Since Jan. 1, 1,925 Syrians have been placed in the United States, according to the U.S. Department of State. In Ohio, only 85 Syrians have been placed, including 54 refugees in Toledo, 15 in Cleveland, a family of nine in Cincinnati and seven in Columbus.
Last week, U.S. Rep. Mike Turner, R-Dayton, wrote to Dayton Mayor Nan Whaley, demanding she rescind her invitation to the federal government to move Syrian refugees to the area.
“While Dayton is a welcoming city, we must prioritize the safety and security of our community in the wake of the deadly attacks in Paris,” Turner said.
Refugees are screened first by the United Nations High Commissioners for Refugees, also known as UNHCR, Mayorkas said. These U.N. personnel are trained in U.S. laws and security requirements, he said.
Refugees are interviewed on conditions in their home country and their claims of persecution.
That work results in a list sent to the State Department on refugees who are deemed “preliminarily eligible,” Mayorkas said. Then State contracts with local resettlement organizations, including faith-based local offices, to conduct a second interview of the refugee applicant.
“For every single refugee applicant, the Department of State then starts a security check using its consular lookout and support system database,” Mayorkas said.
The focus at this level is any criminal and immigration history, links to terrorism and any prior visa dispositions. State does not rely on the U.N. or local resettlement officials to conduct that database check, he said.
For single men from Syria or Iraq between ages of 16 and 50, there is an additional security check, Mayorkas said. That check pores through law enforcement and intelligence databases. Since Jan. 1, 9,289 Iraq refugees have come to the United States, including 298 refugees in Ohio, according to the State Department.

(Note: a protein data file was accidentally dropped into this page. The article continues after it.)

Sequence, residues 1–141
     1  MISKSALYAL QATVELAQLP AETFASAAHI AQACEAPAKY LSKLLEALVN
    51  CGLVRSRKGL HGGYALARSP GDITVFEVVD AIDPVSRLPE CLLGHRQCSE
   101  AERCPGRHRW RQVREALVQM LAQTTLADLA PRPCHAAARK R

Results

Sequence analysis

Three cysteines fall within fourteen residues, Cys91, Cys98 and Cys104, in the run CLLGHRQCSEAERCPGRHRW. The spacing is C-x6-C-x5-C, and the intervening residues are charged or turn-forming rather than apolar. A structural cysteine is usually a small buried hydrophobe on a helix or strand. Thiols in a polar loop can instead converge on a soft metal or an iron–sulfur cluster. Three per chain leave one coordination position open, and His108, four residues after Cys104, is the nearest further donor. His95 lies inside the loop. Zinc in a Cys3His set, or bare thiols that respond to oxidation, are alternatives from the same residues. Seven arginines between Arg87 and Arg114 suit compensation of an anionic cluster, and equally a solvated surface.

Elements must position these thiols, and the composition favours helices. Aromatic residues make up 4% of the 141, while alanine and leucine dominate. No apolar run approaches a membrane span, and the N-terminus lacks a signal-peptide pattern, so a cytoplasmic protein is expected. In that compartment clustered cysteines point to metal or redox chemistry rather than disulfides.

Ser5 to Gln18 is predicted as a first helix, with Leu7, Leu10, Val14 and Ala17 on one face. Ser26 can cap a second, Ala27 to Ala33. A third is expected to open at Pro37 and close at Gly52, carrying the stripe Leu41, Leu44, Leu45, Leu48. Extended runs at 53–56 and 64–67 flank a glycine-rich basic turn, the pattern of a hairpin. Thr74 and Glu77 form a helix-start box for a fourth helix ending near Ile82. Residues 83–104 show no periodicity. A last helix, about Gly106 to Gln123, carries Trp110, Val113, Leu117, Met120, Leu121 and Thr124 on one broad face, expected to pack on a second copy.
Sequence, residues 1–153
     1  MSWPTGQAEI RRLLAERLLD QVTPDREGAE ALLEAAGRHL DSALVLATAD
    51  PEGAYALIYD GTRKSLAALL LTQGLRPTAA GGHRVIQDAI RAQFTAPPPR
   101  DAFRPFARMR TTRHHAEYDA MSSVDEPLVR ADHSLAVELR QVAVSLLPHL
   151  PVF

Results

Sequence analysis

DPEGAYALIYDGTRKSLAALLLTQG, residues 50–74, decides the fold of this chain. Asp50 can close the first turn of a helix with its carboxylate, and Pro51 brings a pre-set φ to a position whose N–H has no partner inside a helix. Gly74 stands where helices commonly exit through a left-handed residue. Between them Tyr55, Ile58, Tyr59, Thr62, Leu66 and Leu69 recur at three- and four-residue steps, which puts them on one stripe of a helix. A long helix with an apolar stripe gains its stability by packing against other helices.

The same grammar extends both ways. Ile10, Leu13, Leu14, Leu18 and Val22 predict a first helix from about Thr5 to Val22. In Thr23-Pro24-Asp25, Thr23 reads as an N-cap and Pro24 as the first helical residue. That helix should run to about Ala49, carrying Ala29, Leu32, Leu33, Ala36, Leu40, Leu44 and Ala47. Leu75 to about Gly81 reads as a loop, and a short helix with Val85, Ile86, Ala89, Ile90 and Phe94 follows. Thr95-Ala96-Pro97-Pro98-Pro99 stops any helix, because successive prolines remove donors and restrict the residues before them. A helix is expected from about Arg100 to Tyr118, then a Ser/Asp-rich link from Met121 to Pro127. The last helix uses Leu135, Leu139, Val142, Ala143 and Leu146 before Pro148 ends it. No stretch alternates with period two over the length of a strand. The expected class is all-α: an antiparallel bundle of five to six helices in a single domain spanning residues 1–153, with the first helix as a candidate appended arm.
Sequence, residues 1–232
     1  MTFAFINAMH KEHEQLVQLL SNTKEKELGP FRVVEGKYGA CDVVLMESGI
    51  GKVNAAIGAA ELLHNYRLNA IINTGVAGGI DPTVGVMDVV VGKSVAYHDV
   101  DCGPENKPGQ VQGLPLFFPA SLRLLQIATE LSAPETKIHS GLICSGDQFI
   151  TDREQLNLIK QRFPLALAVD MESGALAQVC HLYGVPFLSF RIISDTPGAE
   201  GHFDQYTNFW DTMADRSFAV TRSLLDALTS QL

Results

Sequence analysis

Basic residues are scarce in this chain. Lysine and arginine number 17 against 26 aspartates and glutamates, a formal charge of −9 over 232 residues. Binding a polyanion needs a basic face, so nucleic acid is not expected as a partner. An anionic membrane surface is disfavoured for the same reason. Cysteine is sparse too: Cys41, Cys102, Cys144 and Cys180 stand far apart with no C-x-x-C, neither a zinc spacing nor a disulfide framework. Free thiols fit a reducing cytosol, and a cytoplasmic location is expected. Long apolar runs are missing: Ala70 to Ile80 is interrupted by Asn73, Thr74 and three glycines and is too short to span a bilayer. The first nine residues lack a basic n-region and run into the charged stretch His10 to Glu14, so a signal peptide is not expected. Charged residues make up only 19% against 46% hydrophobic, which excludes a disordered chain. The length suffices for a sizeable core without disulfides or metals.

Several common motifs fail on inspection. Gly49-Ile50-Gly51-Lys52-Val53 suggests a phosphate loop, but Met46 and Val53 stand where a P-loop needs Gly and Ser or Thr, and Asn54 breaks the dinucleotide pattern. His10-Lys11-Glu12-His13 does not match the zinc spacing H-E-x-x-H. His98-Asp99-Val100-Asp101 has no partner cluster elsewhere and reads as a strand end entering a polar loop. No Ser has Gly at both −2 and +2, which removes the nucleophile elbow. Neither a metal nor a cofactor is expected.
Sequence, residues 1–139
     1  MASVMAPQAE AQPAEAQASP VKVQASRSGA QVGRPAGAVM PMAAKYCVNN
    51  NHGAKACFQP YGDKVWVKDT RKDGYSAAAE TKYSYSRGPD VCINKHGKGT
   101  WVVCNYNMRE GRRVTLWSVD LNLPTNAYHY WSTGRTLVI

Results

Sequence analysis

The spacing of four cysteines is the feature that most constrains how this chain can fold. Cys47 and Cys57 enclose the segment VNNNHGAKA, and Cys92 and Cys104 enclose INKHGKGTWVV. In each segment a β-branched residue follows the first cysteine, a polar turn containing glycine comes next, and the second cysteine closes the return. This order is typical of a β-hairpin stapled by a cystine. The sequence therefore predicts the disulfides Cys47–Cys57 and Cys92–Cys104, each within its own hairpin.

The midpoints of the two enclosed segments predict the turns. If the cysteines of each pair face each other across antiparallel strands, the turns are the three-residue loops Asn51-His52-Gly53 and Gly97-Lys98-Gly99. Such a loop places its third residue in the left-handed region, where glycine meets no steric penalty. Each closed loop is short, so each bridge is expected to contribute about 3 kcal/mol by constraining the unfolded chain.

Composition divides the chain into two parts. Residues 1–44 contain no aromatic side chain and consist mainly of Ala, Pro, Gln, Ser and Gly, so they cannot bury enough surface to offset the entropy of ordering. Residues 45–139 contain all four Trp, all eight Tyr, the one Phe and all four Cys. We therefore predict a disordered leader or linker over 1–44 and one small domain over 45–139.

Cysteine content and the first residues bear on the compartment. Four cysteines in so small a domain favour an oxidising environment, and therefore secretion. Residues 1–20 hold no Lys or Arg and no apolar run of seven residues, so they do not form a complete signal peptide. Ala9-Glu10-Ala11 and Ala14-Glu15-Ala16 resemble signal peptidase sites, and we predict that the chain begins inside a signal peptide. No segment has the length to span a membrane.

“If and only if a refugee applicant passes Department of State security checks — after already having been vetted by UNHCR — then the refugee’s package of information is prepared for review by the Department of Homeland Security,” Mayorkas said.
More reviews follow, including by U.S. Citizenship and Immigration Services.
An in-person interview is taken after photographs and fingerprints are taken from an applicant, he said. Those prints and photos are run through additional Department of Defense and FBI databases, Mayorkas said.
There is also a medical screening and confirmation of sponsorship for the refugee in the U.S.
The whole process on average takes 18 to 24 months, Mayorkas said.
Eight days before arrival in the U.S., the refugee’s biographical information is then screened against additional databases by U.S. Customs and Border Protection.
And there’s a final check once the refugee arrives in the country, Mayorkas said.
“If a security-related issue arises even at this late stage, the refugee may be denied admission,” he said.